10 Tips for Using Abbreviations Correctly

Guidelines for Using Abbreviations in Formal Writing

FAQ is an initialism for frequently asked questions. (Don Bayley/Getty Images)
Provided they are not obscure to the reader, abbreviations communicate more with fewer letters. Writers have only to ensure that the abbreviations they use are too well known to need any introduction, or that they are introduced and explained on their first appearance.
(Pam Peters, The Cambridge Guide to English Usage. Cambridge University Press, 2004)

Despite what you may have heard in school, abbreviations, acronyms, and initialisms are commonly used in formal writing (though more often in business and the sciences than in the humanities).

Exactly how they should be used depends on your audience, the country you're living in (British and American conventions differ), and the particular style guide you're following.

Guidelines To Consider

  1. Using Indefinite Articles Before Abbreviations, Acronyms, and Initialisms
    The choice between a and an is determined by the sound of the first letter in the abbreviation: a before a consonant sound (a CBC documentary; a U.S. [or US] official) and an before a vowel sound (an ABC documentary; an MRI).
  2. Placing a Period at the End of an Abbreviation
    In American usage, an abbreviation that includes the first and last letters of a single word (Doctor, for example) is usually followed by a period (Dr.). In British usage, the period (or full stop) is usually omitted (Dr).
  3. Abbreviating the Titles of Doctors
    For medical doctors, write either Dr. Jan Jones or Jan Jones, M.D. (Don't write Dr. Jan Jones, M.D.) For nonmedical doctors, write Dr. Sam Smith or Sam Smith, Ph.D. (Don't write Dr. Sam Smith, Ph.D.)
  1. Abbreviating Months and Days
    If the month is preceded or followed by a numeral (14 Aug. or Aug. 14), abbreviate Jan., Feb., Mar., Apr., Aug., Sep. (or Sept.), Oct., Nov., Dec. Don't abbreviate May, June, and July. As a general rule, don't abbreviate the month if it appears alone or with just the year. And don't abbreviate the days of the week unless they appear in charts, tables, or slides.
  1. Using Common Abbreviations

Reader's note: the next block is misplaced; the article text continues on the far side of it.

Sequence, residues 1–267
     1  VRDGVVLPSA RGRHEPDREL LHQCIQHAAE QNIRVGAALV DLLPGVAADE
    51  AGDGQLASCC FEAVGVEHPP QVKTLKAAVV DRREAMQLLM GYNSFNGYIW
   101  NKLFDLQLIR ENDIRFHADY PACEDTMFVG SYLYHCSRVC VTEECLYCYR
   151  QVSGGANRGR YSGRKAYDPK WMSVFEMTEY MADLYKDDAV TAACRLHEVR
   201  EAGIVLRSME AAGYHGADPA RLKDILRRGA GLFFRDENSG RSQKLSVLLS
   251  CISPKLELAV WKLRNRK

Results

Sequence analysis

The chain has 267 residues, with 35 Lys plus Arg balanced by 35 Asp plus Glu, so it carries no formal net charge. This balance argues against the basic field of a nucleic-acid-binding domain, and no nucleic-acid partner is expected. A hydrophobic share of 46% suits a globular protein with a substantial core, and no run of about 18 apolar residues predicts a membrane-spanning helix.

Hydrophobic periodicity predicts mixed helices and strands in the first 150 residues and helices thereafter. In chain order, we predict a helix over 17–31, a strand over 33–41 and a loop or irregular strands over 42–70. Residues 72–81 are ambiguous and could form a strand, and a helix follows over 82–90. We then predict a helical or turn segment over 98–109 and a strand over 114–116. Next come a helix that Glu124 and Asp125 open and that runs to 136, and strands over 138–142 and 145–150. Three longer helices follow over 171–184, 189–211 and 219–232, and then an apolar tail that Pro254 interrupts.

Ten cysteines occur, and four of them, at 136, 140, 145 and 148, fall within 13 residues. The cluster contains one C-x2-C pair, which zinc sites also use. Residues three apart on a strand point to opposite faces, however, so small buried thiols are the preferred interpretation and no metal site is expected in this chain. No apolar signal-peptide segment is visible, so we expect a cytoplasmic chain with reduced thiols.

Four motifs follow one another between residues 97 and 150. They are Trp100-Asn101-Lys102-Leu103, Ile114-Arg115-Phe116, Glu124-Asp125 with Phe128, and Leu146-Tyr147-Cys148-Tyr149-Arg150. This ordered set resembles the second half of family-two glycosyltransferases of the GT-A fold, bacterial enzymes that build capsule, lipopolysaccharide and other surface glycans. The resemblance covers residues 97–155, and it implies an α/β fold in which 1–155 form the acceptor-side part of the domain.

Certain abbreviations are never spelled out: a.m., p.m., B.C. (or B.C.E.), A.D. (or C.E.). Unless your style guide says otherwise, use lower case or small capitals for a.m. and p.m. Use capital letters or small caps for B.C. and A.D. (the periods are optional). Traditionally, B.C. comes after the year and A.D. comes before it, but nowadays the abbreviation commonly follows the year in both instances.
  2. Using the Abbreviation Etc.
    The Latin abbreviation etc. (short for et cetera) means "and others." Never write "and etc." And don't use etc. at the end of a list introduced by "such as" or "including."
  3. Placing a Period After Each Letter in an Acronym or an Initialism
    Though there are exceptions, as a general rule omit the periods: NATO, DVD, IBM.
  4. Punctuating an Abbreviation at the End of a Sentence
    Use just one period when an abbreviation appears at the end of a sentence. The single period does double duty--marking the abbreviation and closing the sentence.
  5. Avoiding RAS Syndrome
    RAS syndrome is a humorous initialism for "Redundant Acronym [or Abbreviation] Syndrome syndrome." Avoid redundant expressions such as ATM machine and BBC corporation.
  6. Avoiding Alphabet Soup
    Alphabet soup (also called initialese) is a metaphor for an overabundance of abbreviations and acronyms. If you're unsure whether the meaning of an abbreviation is familiar to your readers, write out the word.